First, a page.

But note the above information is not publicly available anywhere. This was all from back and forth messaging between them and folks in the celiac community (who forwarded the messages to me.) On their website? Nope. On their Facebook? Nope, nope. On Instagram? Triple nope. For a company that claims to be transparent, this is anything but. And it honestly is just a bit FU to the gluten-free community who has supported them over the years.

Still with me? Good.

To hopefully clarify things, I reached out to the customer service and corporate emails. No response. Then I found the email address of their executive chef, Tony Cochones, and reached out with the following email:

“Hi Tony. I am a celiac disease advocate and also the owner of the Gluten Dude app, which includes a directory of restaurants that have been vetted by my team and understand the importance of having the procedures in place to minimize the risk of cross-contamination. I have all of your locations on my app because you have always done gluten-free the right way. I have received a lot of messages in the past week that things have changed drastically regarding your gluten-free preparation and the risk of cross-contamination is now very high. Can you please speak to this so 1) I can let the celiac community know what is going on; and 2) I can make the right decision whether to keep you on the app or remove you.”

To his credit, he got back to me right away and he asked me to call him the following am. I did but he did not pick up. Turns out he was driving in a blizzard in Boston. Understandable. So in lieu of a phone call, I sent him the following list of questions:

  • What specifically has changed in your menu and your protocol?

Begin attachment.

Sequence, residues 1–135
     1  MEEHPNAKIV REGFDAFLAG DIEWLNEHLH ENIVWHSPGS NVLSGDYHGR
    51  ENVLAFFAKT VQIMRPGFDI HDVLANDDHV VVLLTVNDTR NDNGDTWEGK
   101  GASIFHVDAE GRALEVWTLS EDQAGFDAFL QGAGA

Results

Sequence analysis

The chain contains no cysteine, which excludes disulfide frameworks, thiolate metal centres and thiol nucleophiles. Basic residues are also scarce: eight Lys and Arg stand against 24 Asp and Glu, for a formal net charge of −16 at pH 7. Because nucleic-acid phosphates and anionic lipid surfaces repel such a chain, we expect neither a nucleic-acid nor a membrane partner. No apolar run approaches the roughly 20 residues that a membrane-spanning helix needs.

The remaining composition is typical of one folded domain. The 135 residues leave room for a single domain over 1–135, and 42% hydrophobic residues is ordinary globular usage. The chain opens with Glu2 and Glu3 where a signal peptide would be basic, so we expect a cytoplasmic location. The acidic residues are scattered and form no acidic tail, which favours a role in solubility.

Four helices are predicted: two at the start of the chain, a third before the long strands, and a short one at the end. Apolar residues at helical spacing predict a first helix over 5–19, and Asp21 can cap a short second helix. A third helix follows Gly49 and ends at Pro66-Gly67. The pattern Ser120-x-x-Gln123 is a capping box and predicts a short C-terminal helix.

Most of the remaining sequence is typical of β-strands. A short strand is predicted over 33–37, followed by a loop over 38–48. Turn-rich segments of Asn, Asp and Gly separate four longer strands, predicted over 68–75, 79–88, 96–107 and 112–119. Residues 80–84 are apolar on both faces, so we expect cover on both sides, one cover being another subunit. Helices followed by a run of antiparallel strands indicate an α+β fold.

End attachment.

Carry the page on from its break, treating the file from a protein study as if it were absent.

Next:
• Is your management team still certified in AllerTrain?
  • When are these changes rolling out?
  • Will they be consistent in all 40 locations?
  • Have they rolled out in some locations already?
  • How transparent are specific locations being about the change?
  • How is the staff being trained regarding the changes?
  • You say you introduced the GF menu in Maryland, Virginia and West Virginia. Did/does someone else handle NC, Georgia and Florida? Were they different menus?
  • I assume no flour was in the air before this change. Now that there will be, how will you keep your grilled and pan fried items as safe as possible?

Tony has informed me he will respond as time allows. Are there any other questions you’d like me to ask?

Until we receive answers to the above, here are some answers/opinions I can offer you:

  • Should I eat at Glory Days Grill? Not until we get concrete answers. Until then, I would avoid.
  • Will you be keeping them on the app? ONLY if I am confident in their new procedures. That is to be determined.
  • Do you wish they were more transparent? Hell yeah.
  • Does it surprise you that they were not? Of course not. We’ve been down this road too many times.
  • How long did it take you to write this post? 67 minutes.
  • What are you going to do now? Eat lunch.
  • At Glory Days Grill? You funny.

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Who I am. And who I'm not.

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I AM someone who's been gluten-free since 2007 due to a diagnosis of severe celiac disease. I'm someone who can steer you in the right direction when it comes to going gluten-free. And I'm someone who will always give you the naked truth about going gluten free.

I AM NOT someone who embraces this gluten-free craziness. I didn’t find freedom, a better life or any of that other crap when I got diagnosed. With all due respect to Hunter S. Thompson, I found fear and loathing of an unknown world. But if I can share my wisdom, tell my stories and make the transition easier on you, I’ve done my job.